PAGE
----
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Buyer beware: Supplement false claims and contamination

Dr Susan Backhouse is an expert in the field of doping in sport and nutritional supplement use. In this blog she looks at the false claims of dietary supplements and contamination within the industry.

The use of dietary supplements is widespread at all levels of sport, as indeed it is in the general population. It’s a lucrative industry and the world-wide market is estimated to be worth more than US$ 207 billion by 2016.

As the supplement industry has grown exponentially over the years, so too have the number of unscrupulous manufacturers that make bold product claims and exploit the desire of consumers of all ages and athletic ability to improve their physical and athletic performance by promising a ‘quick fix’ or that all-important ‘edge’.

Alongside the traditional vitamin and mineral products, exotic supplements continue to crop up on the market with promotional material to match. Some products make very extravagant claims such as ‘repairing the damage caused by hard training’, ‘building bigger, stronger and faster muscles’, and ‘burning fat through natural modes of action’.

Typically, these effects are promoted to occur within weeks of commencing the supplementation regime. However, whilst the products boast impressive results and the images depict body and performance enhancement ideals, the endorsements are often unsubstantiated. Furthermore, supplements are usually defined by a notable price tag that does not always represent value for money.

So, if you are considering supplements in the future it is important that you do your research and assess your need for the product, alongside its efficacy. Don’t believe all that you read... I say this because there is a lack of regulation in the supplement industry and manufacturers are not required by law to prove a product’s safety and efficacy prior to being sold to consumers.

When considering the use of supplements you should also assess the risk. Counterfeiting poses a risk as analytical studies have noted the presence of black market products within the industry and products with ingredients not listed on the labels have been found. For example, supplements can include things like chalk and talc, or prohormones and stimulants.

If an athlete consumes this product, they could find themselves falling foul of the doping regulations and this could bring about a ban from their sport. The most reputable manufacturers are now taking part in product testing programmes in order to ensure the contents of their product is exactly as listed on the label. So, in the UK, keep an eye out for the Informed Sport logo.

Athletes also need to make sure they do their homework prior to using a supplement because some supplements do contain prohibited substances, even though they are sold over the counter in gyms or in health food stores. The boxer Dillian Whyte has learned the hard way – he used the controversial Jack3D supplement prior to a fight and his urine sample returned a positive test for the banned stimulant Methylhexaneamine.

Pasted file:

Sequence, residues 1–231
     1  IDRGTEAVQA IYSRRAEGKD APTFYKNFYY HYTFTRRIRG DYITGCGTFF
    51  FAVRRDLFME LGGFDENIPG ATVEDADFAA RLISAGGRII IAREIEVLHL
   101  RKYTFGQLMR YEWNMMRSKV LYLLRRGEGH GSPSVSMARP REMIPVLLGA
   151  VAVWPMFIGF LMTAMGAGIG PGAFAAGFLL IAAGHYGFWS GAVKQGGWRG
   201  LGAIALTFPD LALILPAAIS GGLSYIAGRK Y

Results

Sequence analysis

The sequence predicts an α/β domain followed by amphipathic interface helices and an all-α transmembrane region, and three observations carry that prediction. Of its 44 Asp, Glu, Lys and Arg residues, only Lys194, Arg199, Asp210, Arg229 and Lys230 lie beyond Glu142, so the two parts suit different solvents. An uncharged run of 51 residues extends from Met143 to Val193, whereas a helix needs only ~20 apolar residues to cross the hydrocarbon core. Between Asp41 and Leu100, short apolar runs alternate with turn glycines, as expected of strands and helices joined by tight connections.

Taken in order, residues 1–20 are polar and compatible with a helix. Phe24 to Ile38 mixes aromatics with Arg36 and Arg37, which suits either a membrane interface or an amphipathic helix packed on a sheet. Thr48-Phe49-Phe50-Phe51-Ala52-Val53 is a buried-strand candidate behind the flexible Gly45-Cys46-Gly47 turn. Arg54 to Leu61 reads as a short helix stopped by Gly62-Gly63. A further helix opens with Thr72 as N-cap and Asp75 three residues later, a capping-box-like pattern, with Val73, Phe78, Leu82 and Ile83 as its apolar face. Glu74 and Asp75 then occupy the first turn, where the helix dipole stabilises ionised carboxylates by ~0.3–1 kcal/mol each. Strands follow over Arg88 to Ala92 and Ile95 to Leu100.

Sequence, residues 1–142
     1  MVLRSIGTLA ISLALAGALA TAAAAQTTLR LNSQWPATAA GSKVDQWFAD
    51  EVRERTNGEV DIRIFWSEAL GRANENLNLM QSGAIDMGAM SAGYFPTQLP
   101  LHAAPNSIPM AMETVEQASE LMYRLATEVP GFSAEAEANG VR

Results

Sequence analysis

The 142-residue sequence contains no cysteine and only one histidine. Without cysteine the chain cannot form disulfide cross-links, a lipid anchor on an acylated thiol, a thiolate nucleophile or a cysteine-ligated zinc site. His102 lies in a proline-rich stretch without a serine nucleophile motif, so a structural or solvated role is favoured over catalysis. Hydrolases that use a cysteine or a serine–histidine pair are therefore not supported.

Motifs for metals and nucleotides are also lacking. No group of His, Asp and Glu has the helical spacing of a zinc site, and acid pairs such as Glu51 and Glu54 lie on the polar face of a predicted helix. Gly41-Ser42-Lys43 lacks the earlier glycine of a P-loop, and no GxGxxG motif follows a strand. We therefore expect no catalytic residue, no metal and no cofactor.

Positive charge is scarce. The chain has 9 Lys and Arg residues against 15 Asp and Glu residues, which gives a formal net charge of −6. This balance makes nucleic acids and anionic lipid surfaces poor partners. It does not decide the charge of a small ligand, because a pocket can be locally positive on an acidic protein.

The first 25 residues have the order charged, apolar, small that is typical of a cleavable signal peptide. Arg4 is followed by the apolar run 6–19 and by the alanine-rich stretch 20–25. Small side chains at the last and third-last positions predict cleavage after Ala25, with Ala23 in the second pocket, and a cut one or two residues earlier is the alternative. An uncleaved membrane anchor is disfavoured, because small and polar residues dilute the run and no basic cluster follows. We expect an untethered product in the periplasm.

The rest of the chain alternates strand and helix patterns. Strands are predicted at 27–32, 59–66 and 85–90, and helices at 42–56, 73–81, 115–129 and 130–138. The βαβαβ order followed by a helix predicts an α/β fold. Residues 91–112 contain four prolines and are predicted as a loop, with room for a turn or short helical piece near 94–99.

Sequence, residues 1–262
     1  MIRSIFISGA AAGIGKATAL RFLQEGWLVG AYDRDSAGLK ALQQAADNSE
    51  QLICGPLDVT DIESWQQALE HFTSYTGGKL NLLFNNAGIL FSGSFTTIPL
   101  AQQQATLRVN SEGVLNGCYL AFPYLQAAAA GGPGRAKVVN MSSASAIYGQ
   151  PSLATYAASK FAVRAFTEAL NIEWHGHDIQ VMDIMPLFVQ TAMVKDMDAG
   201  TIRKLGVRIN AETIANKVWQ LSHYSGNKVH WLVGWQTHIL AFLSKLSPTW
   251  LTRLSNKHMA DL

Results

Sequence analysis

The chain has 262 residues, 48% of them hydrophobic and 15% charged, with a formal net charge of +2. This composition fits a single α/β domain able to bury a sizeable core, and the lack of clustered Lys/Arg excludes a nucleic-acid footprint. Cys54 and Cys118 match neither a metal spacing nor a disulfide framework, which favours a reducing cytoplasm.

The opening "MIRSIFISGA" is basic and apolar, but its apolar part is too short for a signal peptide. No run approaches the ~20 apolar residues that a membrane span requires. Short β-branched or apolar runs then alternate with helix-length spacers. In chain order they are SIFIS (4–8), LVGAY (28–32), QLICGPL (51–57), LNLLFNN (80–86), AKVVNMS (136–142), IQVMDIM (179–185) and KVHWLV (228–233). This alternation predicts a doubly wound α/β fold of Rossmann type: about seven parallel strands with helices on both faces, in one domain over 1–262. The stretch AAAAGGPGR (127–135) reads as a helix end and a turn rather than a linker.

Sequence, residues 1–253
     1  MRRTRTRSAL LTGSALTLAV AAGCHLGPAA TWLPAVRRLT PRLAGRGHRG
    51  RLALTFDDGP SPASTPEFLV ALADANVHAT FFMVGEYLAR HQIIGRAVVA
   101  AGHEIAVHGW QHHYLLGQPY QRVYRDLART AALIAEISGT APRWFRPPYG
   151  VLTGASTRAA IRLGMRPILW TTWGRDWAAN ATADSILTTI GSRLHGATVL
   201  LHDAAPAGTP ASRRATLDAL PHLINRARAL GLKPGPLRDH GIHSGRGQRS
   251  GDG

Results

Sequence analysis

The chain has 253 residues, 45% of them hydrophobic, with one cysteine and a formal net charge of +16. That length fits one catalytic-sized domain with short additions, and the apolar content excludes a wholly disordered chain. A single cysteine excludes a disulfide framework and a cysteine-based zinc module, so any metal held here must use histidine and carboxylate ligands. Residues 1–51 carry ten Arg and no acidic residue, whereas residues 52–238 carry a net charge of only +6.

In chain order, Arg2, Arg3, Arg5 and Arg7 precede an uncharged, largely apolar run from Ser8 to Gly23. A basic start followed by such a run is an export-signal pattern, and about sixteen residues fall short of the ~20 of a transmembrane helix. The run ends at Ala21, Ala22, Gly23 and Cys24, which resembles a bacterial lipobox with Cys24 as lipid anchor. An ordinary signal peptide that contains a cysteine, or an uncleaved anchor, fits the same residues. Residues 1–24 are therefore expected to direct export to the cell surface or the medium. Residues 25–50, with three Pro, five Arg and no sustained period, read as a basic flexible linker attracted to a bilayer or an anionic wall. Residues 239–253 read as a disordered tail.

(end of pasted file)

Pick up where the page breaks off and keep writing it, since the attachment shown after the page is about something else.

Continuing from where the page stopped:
He has now received a two year ban from his sport as the principle of ‘strict liability’ means that athletes are ultimately responsible for anything found in their samples, and if a substance turns up that should not be there, they must demonstrate they took every possible measure to prevent it happening. The panel felt that Dillian Whyte had not taken reasonable steps to check the contents of Jack3D.

At this point, it should also be noted that the supplement Dillian Whyte used is also the supplement linked to the death of recreational runner Claire Squires in the 2012 London Marathon. The 2013 London Marathon will soon be upon us and it is possible that a number of the runners will be using Jack3D or other supplements without appreciating the risks associated with their use. Importantly, the original Jack3D has been withdrawn from the UK market and a less potent alternative offered.

However, the original supplement containing the dangerous and illegal stimulant is still available over the internet. Thus, the risk is not only related to inadvertent doping. Serious health risks are also posed by consumption of certain supplements, owing to the lack of regulation of this industry.

At the end of the day, improvements in your performance, health and well-being take time and effort. Put simply, a diet of good food and carefully planned training is the best pill you can take. It’s a simple formula and one that has been around for centuries. Ultimately, given the potential pitfalls associated with supplement use, this could be the best advice that an athlete could heed.

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About the Author

Professor Susan Backhouse

Sue is the Director of Research for Sport and Exercise Science, Leisure and Tourism, leading our REF2021 submission. Sue is an interdisciplinary academic serving as a Professor of Psychology and Behavioural Nutrition in the Carnegie School of Sport.

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